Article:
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Franchise Players: We Put Our Home on the Line to Buy a Franchise Josh Kattenberg knew buying a Real Property Management franchise would have its challenges. Here's how he faced them.

By Kate Taylor

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Josh Kattenberg
Josh Kattenberg

Franchise Players is Entrepreneur's Q&A interview column that puts the spotlight on franchisees. If you're a franchisee with advice and tips to share, email

Going into franchising, Josh Kattenberg was aware of the challenges. He knew that most new businesses fail. He knew that franchising was not a guarantee for success. He knew that he would very likely lose his house if his Real Property Management franchise failed. However, with research and support, it's been worth the risks for Kattenberg. Here's how he faced the challenges of franchising head on.

Name: Josh Kattenberg

Franchise owned (location): Real Property Management Express in Sioux Falls, S.D.

How long you have owned the franchise?

Four years.

Why franchising?

We have all heard the grim statistics that nine out of 10 new businesses fail in the first five years. We didn't want to be a statistic. Franchising is a way to lower the risk and speed up the learning curve inherent in any startup.

Related: Franchise Players: From Making Minimum Wage to Running the Show as a CiCi's Pizza Franchisee

What were you doing before you became a franchise owner?

During my senior year in high school I started a construction company building custom homes. I sold that company five years later to pay for college. I earned undergraduate and graduate degrees in education. Before starting our current business I was working as a high school teacher and principal of a small private school.

Why did you choose this particular franchise?

During the recession, my family and I were learning about investment property and were interested in investing in real estate in the future. Owning a property management business would give us an inside perspective of the investment property world which we could use in our own investing. When researching various property management franchises, we found that Real Property Management was light years ahead of any other franchises in terms of size, systems, and national contracts.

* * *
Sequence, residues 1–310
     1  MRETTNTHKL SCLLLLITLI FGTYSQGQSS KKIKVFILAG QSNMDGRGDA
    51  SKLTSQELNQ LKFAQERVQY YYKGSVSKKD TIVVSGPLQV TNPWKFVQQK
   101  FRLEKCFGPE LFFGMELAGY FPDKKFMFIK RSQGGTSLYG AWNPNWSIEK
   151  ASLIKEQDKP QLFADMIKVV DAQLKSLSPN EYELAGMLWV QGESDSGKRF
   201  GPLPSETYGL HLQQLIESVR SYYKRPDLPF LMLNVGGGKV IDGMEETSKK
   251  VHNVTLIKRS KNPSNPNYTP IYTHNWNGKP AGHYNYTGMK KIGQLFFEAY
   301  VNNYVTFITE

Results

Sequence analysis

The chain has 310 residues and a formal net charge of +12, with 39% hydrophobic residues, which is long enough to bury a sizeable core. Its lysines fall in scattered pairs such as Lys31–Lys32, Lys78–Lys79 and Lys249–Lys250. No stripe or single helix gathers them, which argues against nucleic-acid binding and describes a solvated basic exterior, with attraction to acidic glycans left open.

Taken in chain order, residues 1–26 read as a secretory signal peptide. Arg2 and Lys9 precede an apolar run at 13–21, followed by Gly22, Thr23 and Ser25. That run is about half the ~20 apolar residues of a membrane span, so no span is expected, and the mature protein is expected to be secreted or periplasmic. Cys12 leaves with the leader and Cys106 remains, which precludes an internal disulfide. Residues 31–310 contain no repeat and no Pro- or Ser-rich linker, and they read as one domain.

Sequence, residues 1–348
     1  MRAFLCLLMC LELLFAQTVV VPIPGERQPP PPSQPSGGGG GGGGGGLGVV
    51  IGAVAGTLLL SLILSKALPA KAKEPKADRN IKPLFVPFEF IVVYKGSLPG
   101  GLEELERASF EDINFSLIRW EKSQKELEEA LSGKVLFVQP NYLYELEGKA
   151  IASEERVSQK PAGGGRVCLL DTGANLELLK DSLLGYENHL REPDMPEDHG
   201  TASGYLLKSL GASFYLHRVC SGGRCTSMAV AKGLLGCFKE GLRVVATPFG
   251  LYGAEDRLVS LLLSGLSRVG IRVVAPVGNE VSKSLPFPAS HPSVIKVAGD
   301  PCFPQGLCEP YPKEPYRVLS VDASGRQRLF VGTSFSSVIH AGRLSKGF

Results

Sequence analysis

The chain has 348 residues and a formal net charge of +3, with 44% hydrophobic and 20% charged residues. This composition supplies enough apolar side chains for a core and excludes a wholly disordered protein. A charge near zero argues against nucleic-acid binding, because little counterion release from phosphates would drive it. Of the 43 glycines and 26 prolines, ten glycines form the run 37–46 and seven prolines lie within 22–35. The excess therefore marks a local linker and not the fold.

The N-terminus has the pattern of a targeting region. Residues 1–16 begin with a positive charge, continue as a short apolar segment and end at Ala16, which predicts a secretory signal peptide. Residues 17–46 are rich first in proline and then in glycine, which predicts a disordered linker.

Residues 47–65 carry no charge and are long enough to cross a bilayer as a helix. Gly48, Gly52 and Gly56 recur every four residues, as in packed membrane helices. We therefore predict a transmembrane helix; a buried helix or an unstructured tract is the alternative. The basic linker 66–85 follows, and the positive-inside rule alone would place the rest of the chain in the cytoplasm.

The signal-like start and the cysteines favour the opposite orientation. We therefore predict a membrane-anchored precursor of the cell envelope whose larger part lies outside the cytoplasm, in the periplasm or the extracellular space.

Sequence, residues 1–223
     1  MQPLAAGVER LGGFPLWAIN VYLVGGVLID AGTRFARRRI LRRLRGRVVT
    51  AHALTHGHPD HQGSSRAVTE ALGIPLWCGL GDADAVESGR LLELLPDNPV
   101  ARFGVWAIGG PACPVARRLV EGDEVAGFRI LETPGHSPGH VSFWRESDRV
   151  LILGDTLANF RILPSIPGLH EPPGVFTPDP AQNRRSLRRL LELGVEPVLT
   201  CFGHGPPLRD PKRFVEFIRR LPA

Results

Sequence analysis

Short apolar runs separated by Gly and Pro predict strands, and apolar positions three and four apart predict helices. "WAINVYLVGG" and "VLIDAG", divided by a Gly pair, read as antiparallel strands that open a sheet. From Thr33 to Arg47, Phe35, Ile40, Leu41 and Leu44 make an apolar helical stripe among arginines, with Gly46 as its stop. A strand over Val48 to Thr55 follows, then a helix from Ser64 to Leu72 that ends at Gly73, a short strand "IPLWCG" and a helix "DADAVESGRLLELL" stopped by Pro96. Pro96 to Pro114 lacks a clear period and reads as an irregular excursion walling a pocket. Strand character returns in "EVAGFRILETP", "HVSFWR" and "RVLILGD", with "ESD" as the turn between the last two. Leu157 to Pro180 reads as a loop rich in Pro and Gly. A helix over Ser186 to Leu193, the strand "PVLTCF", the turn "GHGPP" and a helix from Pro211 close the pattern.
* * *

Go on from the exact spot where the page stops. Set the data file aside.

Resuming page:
How much would you estimate you spent before you were officially open for business?

Our startup costs were a little under $70,000 for the franchise fee, computers, incorporation, licensing, training, etc. Because we didn't have any assets as collateral, the bank wouldn't loan us money. We used the equity in our home to finance the endeavor. My wife and I had a frank conversation about the real possibility of losing our home if the business failed. Were we willing to risk everything for the possibility of a better future? Because we were risking our savings, we needed to lower the risk of the business failing. We felt that purchasing a franchise limited that risk.

Where did you get most of your advice/do most of your research?

First we hired a business coach to help us do our due diligence, prepare a business plan, and think through the financials for the first two years in businesses. We engaged in grass roots market research. Then we turned to the Small Business Association for a second opinion to look over our business plan and pro forma. Next we received real estate training to become licensed property managers. Finally, our attorney reviewed the franchise agreement and incorporation issues. We completed all these items before signing on.

Related: Franchise Players: A Franchisee Follows In the Footsteps of Her Grandmother

What were the most unexpected challenges of opening your franchise?

Hiring good people. We were at a point that we need to hire someone, but really couldn't afford it yet. We learned our lesson the hard way by making some poor hiring decisions. Hiring good employees has made all the difference in service to our customers and our company.

What advice do you have for individuals who want to own their own franchise?

Read The E-Myth Revisited by Michael Gerber. Do your due diligence. Not all franchises are created equal. Franchises are subject to market forces just like traditional businesses. Just because you own a franchise, doesn't mean you will succeed. Remember what our attorney told us before we started, "You can't do a bad deal with good people, and you can't do a good deal with bad people." Are the people you are thinking of getting into business with "good people"?

What's next for you and your business?

We hope to double and triple in size in the next two years. After that we will look at opening additional offices. I am also exploring the possibility of obtaining my doctorate in business administration. This will position me for future opportunities, including operating larger businesses. Since education is important to me, I see myself teaching college level courses. Also, we just published our first book, Rental Property Success: Horror Stories, Insider Secrets, and Disciplines of Successful Rental Property Owners, with the goal of helping new and experienced investment property owners.

Related: Franchise Players: From Technician to 'All In' as a Car Care Franchisee

Kate Taylor

Staff Writer. Covers franchise-related trends and topics.

Kate Taylor is a staff writer covering franchises for Related areas of interest include chain restaurants, franchisee profiles and food trends. Get in touch with tips and feedback via email at or on Twitter at @Kate_H_Taylor. 

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